The Joy-Cons require their own charge; re-attaching them to the tablet while it’s charging will do the trick, though Nintendo overlooked a pretty common use case by failing to include a way to charge the controllers and continue playing while the tablet is docked. You can connect them to the included Grip, but that’s just a formed piece of plastic and cannot connect to any power source.
The solution? You’ve got a few. The cheapest is to just remove the tablet from the dock, connect the Joy-Cons to the tablet, connect the tablet to a power source and play with the system as a portable until they’re charged. Alternately, you can buy another accessory, the Joy-Con Charging Grip ($30), which is identical to the standard Grip except for a small USB-C port included on the top.
Your best bet may be to buy yet another accessory, the pricey Switch Pro Controller ($70). It’s expensive, but is a much better gamepad for action games like “Zelda” (the one game you will be playing, remember) and can be plugged right into the dock for charging while playing.
These are the sorts of problems most consoles don’t worry about, but I guess if you insist on delivering a million ways to interact with a console, it’s bound to get fussy. And while annoying, none of these are deal breakers, especially when compared to the Switch’s sync issue.
Sync or swim
Sadly, at the time of writing there is very clearly a hardware issue affecting the way the Switch recognizes the Joy-Cons.
All is well when you play the system as a handheld. But when playing with detached Joy-Cons, I occasionally experienced a noticeable interruption in the Joy-Con’s responsiveness. This was primarily with the left Joy-Con (the one most games use for movement), and seems tied to physically obstructing the wireless connection. Simply crossing my legs while playing and holding the left Joy-Con below my knee resulted in some connection errors – and a few untimely deaths in “Zelda.”
Reports from many other outlets confirm this isn’t just about my particular review unit. Even after Nintendo’s launch patch the syncing issues persisted. It remains unclear if this can be solved through a simple firmware upgrade or if it will require something more elaborate, like a hardware recall. For Nintendo’s sake, I certainly hope it doesn’t.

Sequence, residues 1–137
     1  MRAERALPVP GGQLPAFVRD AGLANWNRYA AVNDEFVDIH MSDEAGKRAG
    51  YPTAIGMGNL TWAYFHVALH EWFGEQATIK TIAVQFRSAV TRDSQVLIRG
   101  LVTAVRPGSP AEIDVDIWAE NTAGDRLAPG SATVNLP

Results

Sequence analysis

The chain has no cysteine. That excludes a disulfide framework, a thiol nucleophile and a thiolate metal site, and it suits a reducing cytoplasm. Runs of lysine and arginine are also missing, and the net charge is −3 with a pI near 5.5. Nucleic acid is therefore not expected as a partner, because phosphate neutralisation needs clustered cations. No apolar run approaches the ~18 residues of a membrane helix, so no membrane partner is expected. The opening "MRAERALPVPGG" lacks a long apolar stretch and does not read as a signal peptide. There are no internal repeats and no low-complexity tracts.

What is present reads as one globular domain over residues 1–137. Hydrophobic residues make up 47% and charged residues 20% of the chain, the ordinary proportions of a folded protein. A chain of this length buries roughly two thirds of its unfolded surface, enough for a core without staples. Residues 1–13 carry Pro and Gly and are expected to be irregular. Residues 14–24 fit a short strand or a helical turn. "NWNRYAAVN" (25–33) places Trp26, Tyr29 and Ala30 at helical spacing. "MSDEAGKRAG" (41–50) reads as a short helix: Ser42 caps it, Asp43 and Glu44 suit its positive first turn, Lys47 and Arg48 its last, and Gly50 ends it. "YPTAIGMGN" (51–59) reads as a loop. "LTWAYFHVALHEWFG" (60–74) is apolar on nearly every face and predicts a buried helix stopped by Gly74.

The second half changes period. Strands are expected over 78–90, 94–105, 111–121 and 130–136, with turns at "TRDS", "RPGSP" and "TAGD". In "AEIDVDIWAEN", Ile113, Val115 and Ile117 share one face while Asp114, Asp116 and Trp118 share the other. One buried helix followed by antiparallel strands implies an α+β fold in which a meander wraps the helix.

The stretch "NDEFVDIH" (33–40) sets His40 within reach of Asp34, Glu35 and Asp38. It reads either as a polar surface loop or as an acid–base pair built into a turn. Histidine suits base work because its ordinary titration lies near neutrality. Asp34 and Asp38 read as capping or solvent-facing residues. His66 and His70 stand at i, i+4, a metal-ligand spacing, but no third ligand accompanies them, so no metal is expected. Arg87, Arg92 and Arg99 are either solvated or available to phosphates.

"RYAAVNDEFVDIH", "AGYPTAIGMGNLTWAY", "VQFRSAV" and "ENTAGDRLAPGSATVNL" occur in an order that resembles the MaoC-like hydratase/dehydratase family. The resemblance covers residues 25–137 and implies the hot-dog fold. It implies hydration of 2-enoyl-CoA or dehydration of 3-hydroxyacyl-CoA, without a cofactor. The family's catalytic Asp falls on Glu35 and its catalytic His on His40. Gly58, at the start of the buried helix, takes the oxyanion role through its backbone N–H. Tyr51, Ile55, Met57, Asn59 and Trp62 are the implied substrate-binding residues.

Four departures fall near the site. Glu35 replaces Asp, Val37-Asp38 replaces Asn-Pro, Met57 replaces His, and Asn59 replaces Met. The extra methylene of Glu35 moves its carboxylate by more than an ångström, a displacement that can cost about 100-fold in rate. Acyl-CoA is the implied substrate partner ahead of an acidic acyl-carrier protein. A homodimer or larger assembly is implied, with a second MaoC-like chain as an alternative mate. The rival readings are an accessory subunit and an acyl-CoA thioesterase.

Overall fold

The same can be said for the Switch’s woefully anemic launch lineup.
Console launch lineups are typically pretty bad, often a hodgepodge of old and new risk-averse games. But only 10 are available for the Switch on launch day. That is ridiculously paltry. The Wii U had 23 launch titles. The PlayStation VR had 30. The Xbox One totaled 22, there were 25 for the PS4, and 21 for the Wii (not counting the 12 classic games that came with the launch day Virtual Console).
Worse, only one of those games is really worth the price of admission. The thing is, “The Legend of Zelda: Breath of the Wild” is such an outrageously good game, it almost makes up for the other nine. I’m not reviewing “Zelda” here (our review posts on March 2) but suffice to say it is the biggest, boldest “Zelda” ever, a game-changer for the venerable series, and one that joins “Tetris,” “Super Mario Bros.,” “Super Mario 64,”and “Halo” in the launch game all-time top 5.
The rest of the lineup, however, is an all-time stinker. “1-2 Switch,” Nintendo’s minigame callback to the system-selling “Wii Sports,” is a shockingly low-rent and wildly overpriced ($50) collection of 30 mindless tech demos. It tries way too hard to turn the Switch into a party system, constantly urging you to look at the other player instead of the screen. During the lousy ping-pong minigame, a disembodied narrator instructed me to “imagine a table, and a ball” as I pretended to play ping-pong. Considering the state of gaming in 2017, asking gamers to “imagine graphics” is not, as the kids say, lit. Or as people my age say, cool.
It gets less interesting as you peruse the list. Obligatory Switch versions of previously released games like “Just Dance 2017” and “Skylanders: Imaginators” aren’t very exciting, and while I appreciate the terrific indie “Shovel Knight,” it dates back to 2014. “Super Bomberman R” is just more “Bomberman.” Even the best of the rest, the charming puzzler “Snipperclips,” is pretty lightweight.
So, it’s “Zelda” or bust. For millions, that will be just fine; “Breath of the Wild” is big and deep enough to warrant many months of play and exploration. And of course there are more coming. Nintendo expects 60 indie games to hit the Switch this year alongside a few big first-party games like “Splatoon 2,” the boxing game “Arms,” and surefire holiday hit “Super Mario Odyssey.”
But considering the slow rollout of software for the Wii U and Nintendo’s long-standing problem of getting third-parties on board with its consoles, a crummy launch lineup isn’t helping redefine the company as a major hardware player.
The good news is that the OS powering the Switch is pleasantly streamlined and minimalist. Retail games, which come on tiny cartridges dwarfed by even a 3DS cart, load astonishingly quickly. Navigating menus is a breeze, and there’s no crazy, confusing Wii Plaza or anything to jumble up the screen.